How To Solve The Problem You Hate At Work Without Overstepping

Whether you love or hate your job, there’s probably at least one thing you wish you could change about your company, office, or even your own team that seems beyond your control.

The easy part is acknowledging the problem; the much harder part is talking to senior leaders about the changes you’d like to see made–without overstepping or sounding like a know-it-all. Here’s what it takes.



It’s a fine line to walk, but I’ve done it plenty of times in my career, even when I was just starting out. Part of my responsibilities in a position a few years ago was to attend weekly team meetings. These meetings lacked structure and in my opinion were a complete waste of everyone’s time pretty much four times out of five. As the lowest person on the totem pole at the time, I could’ve just sucked it up and settled on complaining each week to a coworker who felt the same way.

But instead, knowing it was highly unlikely those meetings could be cancelled altogether, I considered possible solutions: What could be implemented pretty quickly to improve our team’s efficiency during the time we met? I quickly realized that, for starters, we lacked a clear agenda. So, based on the topics we regularly discussed, I put together a sample weekly agenda that could guide us each week.

Then I printed it out and asked to meet with one of the senior leaders who was in charge of running the meetings. Rather than stirring up unnecessary emotions and telling her how aggravating I found the meetings, I told her:

“I think that our weekly meetings are a great way for everyone to touch base and stay informed on the latest projects and client developments. But I’ve noticed they could probably be more effective and efficient if we had an agenda to guide what we cover. With that in mind, I mocked one up – take a look. What are your thoughts on it? I can also run it by the team to see if they have anything they’d like to include to make it better.”

The result? She loved the idea, and thanked me for thinking about how I could make meetings run more more smoothly. Afterward, I emailed the sample agenda to my team and asked them for their input to enhance it, and soon afterward we implemented the final version. As a result, our meeting time was cut in half, we were able to get more out of each meeting, and we even ended up having fewer meetings in total since quick updates based on the agenda could be sent over email.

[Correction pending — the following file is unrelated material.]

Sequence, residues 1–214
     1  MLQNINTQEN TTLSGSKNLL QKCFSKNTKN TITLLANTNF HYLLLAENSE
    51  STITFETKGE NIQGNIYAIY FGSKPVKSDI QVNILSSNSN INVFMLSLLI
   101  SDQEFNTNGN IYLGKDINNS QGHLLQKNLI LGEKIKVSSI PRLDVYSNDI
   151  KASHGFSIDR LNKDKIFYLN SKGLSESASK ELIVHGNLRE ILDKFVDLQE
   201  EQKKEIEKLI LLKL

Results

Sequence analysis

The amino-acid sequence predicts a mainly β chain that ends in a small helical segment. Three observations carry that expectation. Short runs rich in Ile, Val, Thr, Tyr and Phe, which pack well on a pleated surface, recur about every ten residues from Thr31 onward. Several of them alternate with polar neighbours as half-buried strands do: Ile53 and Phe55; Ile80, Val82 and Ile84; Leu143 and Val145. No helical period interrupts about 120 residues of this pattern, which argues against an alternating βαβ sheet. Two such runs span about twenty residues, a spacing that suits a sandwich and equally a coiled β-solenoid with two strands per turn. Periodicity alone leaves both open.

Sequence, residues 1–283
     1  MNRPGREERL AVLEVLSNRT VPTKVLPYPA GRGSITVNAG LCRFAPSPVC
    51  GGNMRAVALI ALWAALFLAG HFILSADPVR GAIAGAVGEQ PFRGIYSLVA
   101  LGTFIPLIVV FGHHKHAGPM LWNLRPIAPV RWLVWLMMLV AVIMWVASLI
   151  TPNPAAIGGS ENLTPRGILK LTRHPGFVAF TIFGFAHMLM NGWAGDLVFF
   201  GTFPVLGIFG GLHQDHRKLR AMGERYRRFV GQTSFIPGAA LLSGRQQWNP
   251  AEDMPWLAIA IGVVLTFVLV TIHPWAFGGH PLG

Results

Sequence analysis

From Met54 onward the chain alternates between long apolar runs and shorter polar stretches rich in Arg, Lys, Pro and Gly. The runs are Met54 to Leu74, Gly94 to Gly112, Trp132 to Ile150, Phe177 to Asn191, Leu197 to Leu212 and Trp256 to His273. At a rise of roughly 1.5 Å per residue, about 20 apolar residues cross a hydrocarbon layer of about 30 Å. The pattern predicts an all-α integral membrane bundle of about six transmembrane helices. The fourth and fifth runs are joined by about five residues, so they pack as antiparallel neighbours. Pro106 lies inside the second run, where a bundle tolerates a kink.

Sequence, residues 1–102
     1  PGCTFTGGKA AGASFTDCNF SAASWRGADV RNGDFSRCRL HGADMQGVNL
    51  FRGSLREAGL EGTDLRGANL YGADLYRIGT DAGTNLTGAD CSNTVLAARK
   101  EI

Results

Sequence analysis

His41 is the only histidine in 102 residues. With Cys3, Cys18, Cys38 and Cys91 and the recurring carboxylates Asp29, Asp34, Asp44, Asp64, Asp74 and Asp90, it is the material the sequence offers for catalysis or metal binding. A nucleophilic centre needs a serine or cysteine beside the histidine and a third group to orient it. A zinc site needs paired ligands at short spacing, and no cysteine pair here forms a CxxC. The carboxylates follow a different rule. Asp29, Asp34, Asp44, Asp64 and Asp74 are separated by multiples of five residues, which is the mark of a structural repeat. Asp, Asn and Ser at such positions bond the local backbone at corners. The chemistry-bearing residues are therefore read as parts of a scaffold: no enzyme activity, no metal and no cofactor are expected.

Sure, the changes you’d like to see at work may be a lot more complex than the need for an agenda during a meeting. But this is still the basic formula for solving problems that go beyond your pay grade. The key is simple but sometimes easy to miss when you’re frustrated: Rather than whining about the individuals you may see as responsible for a workplace headache, focus on the underlying issue that’s causing them to behave in a way you find aggravating. I could’ve blamed the person running the meeting, but it was much better to come up with a simple tool to help her run it better.



Never present a problem without a solution; if you haven’t identified a possible fix, you haven’t thought about it long enough. Before you arrange time to speak or email your boss or any higher-ups about an issue, take time to imagine how you’d solve the problem if you were in their shoes. Then narrow down to a specific approach you feel would yield the best results–but come armed with options. Brainstorm a few alternatives to your main idea, and make sure you can point to the benefits and implications of each one.



It’s often less about the solution itself, and more about how you present it. When requesting a change, first be clear that you value your senior leader’s position, goals, and perspective on the matter. You want your boss to know that you’re not against their interests; instead, you’ve found a new way to support them. Avoid any phrases or expressions that could make your boss defensive–because if that happens, your solution won’t even matter.



This is the element many people tend to forget early in their careers, thinking that just proposing a solution is enough. But if your suggestion is approved, don’t wait for someone else to implement it and then let them get all the credit. Take responsibility for the next steps and the outcome. The last thing your manager wants is to add another project to her plate, so let her know right away that you’re ready to spearhead the execution of your idea. Remember to spell out the first one to three steps you plan to take, just to make sure you’re on the same page before snapping into action.

When you frame solutions as way to make others’ lives easier, you’re more likely to be seen as a leader and strategic thinker–and overstepping won’t even cross anyone’s mind.


Originally published on Fast Company.